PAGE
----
Buttery soup and bacony chicken are the stars at Le Garde-manger, writes reviewer Kim Knight.
466 Queen St, Auckland
Ph: (09) 362 0655
WE SPENT: $189.50 for two.
WE THOUGHT: 13.5 - Good
Icy rain was scything the city, my ankles needed socks and the restaurant we had been heading to was closed for a private function.
For weeks, I'd been dreaming of a fireplace. I wanted a squashy armchair and someone in the next room doing something amazing with a duck. Instead, an electric heater. My chair was made from wood and rattan and, in the next room, there was a chicken.
It was not exactly my fantasy winter feasting scenario. Luckily, Le Garde-Manger was no ordinary port in an Upper Queen St storm. Chicken liver paté. Beef bourguignon. Gratin dauphinois. If the waitperson had worn a beret, I would not have been surprised. She did have a charming accent, which she used to charmingly correct mine. One of the (many) things to admire about the French is their sense of national pride. Sure, other countries have language and food. But do they have FRENCH language and food?
"Le Garde-Manger" translates as "The Pantry". It wears its Frenchness loud, those red-and-white checked tablecloths a lighthouse beacon for the wind-battered passerby. This is not so much a destination restaurant, as a handily placed eatery should you find yourself in the vicinity, craving snails.
I couldn't. I did it once in Avignon, so I know it's mostly like chewing garlic but my companion was mostly vegetarian and escargots were a definitive no-go. She had the broccoli and spinach soup ($12.50), which tasted like green, earthy butter and I had the onion soup ($12.50), which tasted like sweet, earthy butter.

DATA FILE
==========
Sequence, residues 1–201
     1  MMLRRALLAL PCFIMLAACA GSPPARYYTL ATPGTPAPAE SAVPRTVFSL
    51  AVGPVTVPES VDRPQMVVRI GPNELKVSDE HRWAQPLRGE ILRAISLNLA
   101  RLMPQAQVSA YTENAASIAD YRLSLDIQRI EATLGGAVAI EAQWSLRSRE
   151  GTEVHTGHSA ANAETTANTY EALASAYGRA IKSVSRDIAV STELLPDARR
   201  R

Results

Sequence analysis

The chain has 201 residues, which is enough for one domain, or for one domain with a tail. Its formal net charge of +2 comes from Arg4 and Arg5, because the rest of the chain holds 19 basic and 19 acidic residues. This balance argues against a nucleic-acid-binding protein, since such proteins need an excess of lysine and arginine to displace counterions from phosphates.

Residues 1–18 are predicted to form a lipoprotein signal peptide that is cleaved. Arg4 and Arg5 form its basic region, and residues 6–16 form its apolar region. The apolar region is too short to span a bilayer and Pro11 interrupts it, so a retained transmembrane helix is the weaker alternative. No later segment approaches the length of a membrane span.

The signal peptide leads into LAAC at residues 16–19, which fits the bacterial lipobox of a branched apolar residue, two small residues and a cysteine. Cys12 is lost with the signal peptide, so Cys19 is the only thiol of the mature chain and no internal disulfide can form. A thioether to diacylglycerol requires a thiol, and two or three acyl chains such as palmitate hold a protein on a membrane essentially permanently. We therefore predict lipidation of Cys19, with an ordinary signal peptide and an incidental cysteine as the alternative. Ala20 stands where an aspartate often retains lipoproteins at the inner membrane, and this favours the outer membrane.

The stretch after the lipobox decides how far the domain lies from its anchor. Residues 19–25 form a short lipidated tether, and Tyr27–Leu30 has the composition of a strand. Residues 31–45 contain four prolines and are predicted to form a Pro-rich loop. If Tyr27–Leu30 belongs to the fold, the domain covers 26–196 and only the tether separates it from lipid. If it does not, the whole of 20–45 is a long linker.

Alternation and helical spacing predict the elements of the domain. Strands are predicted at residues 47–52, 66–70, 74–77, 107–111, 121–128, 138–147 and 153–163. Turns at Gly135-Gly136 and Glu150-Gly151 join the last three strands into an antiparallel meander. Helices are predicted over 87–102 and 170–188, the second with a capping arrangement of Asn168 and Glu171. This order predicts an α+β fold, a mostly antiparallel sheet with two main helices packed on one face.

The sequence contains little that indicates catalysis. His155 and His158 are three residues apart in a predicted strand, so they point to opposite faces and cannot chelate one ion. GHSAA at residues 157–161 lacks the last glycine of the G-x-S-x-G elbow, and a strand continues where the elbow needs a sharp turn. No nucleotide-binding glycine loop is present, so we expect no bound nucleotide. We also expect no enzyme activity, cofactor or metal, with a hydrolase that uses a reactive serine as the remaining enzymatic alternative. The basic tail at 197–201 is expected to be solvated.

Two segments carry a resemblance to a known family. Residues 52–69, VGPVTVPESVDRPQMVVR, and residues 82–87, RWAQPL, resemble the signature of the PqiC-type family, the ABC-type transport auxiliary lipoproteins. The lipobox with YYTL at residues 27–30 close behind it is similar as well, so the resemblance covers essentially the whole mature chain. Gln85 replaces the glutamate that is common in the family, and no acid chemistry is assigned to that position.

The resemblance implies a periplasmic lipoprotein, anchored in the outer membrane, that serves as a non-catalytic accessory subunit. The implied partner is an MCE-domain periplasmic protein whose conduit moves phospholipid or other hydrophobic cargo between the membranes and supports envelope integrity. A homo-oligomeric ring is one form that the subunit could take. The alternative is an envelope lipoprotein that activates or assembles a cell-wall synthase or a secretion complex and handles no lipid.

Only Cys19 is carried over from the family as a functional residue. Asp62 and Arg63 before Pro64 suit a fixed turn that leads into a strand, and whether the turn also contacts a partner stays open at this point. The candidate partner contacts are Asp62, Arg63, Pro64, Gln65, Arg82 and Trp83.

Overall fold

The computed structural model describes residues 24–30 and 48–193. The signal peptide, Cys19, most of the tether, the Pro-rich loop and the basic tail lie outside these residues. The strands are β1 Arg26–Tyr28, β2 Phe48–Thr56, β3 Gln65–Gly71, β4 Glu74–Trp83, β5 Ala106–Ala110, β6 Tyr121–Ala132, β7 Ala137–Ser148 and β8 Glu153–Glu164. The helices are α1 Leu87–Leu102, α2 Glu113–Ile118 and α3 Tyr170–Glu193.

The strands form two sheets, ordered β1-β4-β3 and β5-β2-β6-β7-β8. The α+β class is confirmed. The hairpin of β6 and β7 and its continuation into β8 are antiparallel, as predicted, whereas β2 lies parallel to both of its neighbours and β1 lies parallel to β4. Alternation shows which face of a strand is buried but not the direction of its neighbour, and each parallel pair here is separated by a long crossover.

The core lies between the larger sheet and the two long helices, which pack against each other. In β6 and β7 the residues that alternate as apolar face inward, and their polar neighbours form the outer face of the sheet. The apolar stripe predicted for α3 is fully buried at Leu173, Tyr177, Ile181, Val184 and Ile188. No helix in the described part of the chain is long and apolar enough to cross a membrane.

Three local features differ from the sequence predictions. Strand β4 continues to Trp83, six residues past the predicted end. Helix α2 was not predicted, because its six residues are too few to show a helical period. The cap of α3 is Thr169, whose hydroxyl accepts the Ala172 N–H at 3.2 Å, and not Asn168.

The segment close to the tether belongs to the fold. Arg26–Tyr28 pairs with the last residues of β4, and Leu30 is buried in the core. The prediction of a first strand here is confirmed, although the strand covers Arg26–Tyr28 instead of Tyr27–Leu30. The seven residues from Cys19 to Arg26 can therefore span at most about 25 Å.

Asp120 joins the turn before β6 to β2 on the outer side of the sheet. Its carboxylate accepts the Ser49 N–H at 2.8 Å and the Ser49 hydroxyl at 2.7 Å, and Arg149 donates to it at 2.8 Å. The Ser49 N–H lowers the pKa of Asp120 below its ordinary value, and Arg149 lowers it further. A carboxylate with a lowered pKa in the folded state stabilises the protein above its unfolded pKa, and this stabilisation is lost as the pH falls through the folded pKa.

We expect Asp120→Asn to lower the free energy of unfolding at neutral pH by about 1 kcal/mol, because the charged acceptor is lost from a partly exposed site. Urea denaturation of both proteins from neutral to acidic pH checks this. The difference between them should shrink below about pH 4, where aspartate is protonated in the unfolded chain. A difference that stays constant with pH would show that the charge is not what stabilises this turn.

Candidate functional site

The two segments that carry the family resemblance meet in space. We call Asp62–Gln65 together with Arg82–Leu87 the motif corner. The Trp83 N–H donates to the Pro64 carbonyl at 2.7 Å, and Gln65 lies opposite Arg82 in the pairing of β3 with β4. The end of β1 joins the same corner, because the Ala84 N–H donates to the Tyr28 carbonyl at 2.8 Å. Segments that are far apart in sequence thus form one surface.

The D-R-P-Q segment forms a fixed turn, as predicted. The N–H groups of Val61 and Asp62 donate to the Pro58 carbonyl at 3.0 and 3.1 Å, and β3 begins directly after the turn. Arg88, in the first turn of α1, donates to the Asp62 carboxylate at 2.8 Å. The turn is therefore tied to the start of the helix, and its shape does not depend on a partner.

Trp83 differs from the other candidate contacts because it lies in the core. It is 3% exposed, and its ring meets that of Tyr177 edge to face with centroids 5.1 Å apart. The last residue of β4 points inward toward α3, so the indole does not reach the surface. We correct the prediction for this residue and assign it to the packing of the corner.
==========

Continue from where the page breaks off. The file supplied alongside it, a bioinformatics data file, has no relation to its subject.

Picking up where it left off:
France is the country that gave the Western world the five "mother" sauces. They have fancy names - bechamel, espagnole et al - but "boiled butter" would have also done the trick. Personally, I am all for a cuisine that fully embraces the flavour-carrying qualities of fat (you can always cut the richness with a wine) and these were the kind of soups that make winter bearable. Bonus points for the nostalgically covetable pottery bowls, best-paired with corduroy flares, a skinny-rib jumper and a middle hair part.
When it came to mains, my mostly vegetarian friend was not spoiled for choice. There was a potato gratin that could, apparently, be served sans bacon and there was also - well, nothing, unless she wanted a galette.
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The pan-fried fish special ($29.50) was sea perch. I've recently learned some anglers call this species "flinger", an active verb reflecting the fact they'd rather be catching snapper. These days, we're encouraged to broaden our seafood palate. So, perch. Taut and juicy, and if your preference is for a soft flake, this is not the fish for you. In my professional opinion, this one needed more salt and (in my unprofessional opinion) zero parsnip. There are people who love this perversion of a carrot, however, I am not one of them. Also, this dish included actual carrot, mashed with cumin, which my friend declared "nice".
I had a knife and fork to eat my coq au vin ($29.50) but I could have used a spoon on the meat that was waxen and tender. It was a rich, chickeny plate with a background blur of bacon salt and fat, sweet, carroty grace notes and an occasional sharp clarity from the decorative strands of slightly pickled onion. Recommended.
In 2010, the French gastronomic meal was added to Unesco's world lists of "intangible cultural heritage". Think France, think family, friends and four courses including pudding. Who were we to argue with the natural order of events? The creme brulee ($12.50) was a decent example of the genre - the topping yielded under a gentle tap, the filling a silky and smooth custard. The tarte tatin ($12.50) was less enjoyable. It's possible I've been doing this dish all wrong but the apple was cold, the pastry was cakey and I had set my taste buds for hot, crisp and flaky. More butter, s'il vous plait.